Visualize a tree

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This page is the answer to the task Visualize a tree in the Rosetta Code.

Description (from Rosetta Code)

A tree structure (i.e. a rooted, connected acyclic graph) is often used in programming.

It's often helpful to visually examine such a structure.

There are many ways to represent trees to a reader, such as:

  • Indented text (à la unix tree command)
  • Nested HTML tables
  • Hierarchical GUI widgets
  • 2D or 3D images
  • Etc.

Task

Write a program to produce a visual representation of some tree.

The content of the tree doesn't matter, nor does the output format, the only requirement being that the output is human friendly.

Make do with the vague term "friendly" the best you can.

Solution

Fōrmulæ trees

Fōrmulæ is a homoiconic language using expression trees as its fundamental structure, so managing trees is very natural.

A tree is an expression defined recursively: A tree is a (main) node that can contain zero o more trees.

In Fōrmulæ, every kind of expression has one (or more) visualizers. Currently there are two visualizers for expression trees (and hence there is no need to write code to visualize expression trees):

A visualizer to show trees in horizontal form:

VisualizeTree1.png

A visualizer to show trees in vertical form:

VisualizeTree2.png

Creating trees from expressions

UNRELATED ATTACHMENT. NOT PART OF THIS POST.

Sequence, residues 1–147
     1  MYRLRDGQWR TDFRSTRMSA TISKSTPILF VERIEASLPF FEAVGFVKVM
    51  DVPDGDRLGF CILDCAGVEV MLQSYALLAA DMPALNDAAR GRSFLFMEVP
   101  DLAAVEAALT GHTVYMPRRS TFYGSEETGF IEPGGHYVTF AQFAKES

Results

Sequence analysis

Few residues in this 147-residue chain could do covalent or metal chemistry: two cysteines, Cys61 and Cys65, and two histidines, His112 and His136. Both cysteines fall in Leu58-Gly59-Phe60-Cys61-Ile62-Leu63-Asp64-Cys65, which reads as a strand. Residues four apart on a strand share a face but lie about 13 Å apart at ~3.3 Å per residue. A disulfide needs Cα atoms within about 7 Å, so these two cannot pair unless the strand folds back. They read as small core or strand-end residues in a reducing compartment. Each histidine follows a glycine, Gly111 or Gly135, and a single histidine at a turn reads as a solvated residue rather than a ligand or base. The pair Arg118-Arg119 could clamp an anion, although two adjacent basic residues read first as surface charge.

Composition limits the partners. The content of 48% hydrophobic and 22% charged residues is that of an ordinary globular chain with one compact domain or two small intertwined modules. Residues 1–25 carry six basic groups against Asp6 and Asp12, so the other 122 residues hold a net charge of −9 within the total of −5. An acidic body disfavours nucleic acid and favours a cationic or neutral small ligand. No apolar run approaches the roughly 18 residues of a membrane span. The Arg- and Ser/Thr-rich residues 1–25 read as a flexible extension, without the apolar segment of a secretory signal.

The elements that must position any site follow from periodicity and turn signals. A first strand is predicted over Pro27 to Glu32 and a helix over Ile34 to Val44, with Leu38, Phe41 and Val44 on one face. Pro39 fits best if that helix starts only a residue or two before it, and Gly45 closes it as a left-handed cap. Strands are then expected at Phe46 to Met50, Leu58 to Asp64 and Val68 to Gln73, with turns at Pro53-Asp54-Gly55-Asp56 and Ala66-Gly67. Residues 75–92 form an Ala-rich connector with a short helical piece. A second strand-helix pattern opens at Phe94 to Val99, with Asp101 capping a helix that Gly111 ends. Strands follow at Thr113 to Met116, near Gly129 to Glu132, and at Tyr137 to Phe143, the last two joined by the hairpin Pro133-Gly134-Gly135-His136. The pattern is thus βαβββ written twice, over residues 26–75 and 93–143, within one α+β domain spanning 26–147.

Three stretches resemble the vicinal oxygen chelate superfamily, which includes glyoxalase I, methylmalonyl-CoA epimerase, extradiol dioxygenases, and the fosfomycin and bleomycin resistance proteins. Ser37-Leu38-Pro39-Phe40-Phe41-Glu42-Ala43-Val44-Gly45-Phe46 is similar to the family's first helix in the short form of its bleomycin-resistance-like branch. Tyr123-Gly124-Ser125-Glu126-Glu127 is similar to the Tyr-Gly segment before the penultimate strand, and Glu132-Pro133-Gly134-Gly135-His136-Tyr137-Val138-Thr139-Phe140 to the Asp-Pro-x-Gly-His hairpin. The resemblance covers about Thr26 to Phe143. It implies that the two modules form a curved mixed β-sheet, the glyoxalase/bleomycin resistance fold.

The ToTree expression creates a tree from a given expression. see the following examples:

VisualizeTree3.png

Be aware the the expression expression will be first reduced, like the following:

VisualizeTree4.png

It order to avoid the reduction, the use of the Protect expression is recommended:

VisualizeTree5.png

Here is another example:

VisualizeTree6.png

In the following example, it is shown that a matrix is a list containing (same cardinality) lists:

VisualizeTree9.png

In the following example, it is shown that, according to the Fōrmulæ arithmetic canon, a negative number is a Math.Arithmetic.Negative expression containing a Math.Number expression:

VisualizeTree10.png

In the next example, it is shown that a function has exactly two subexpressions: the function itself and arguments. The arguments of the functions is a list of symbols:

VisualizeTree11.png

Creating trees programatically

The tree, like any other expression in Fōrmulæ is a first-class citizen of the language. Fōrmulæ also supports high-order functions, so trees can be set as parameters of functions, or retrieved from functions.

The following example shows a function that produces a Fibonacci tree, a tree that shows the calls of a recursive Fibonacci numbers:

VisualizeTree7.png

VisualizeTree8.png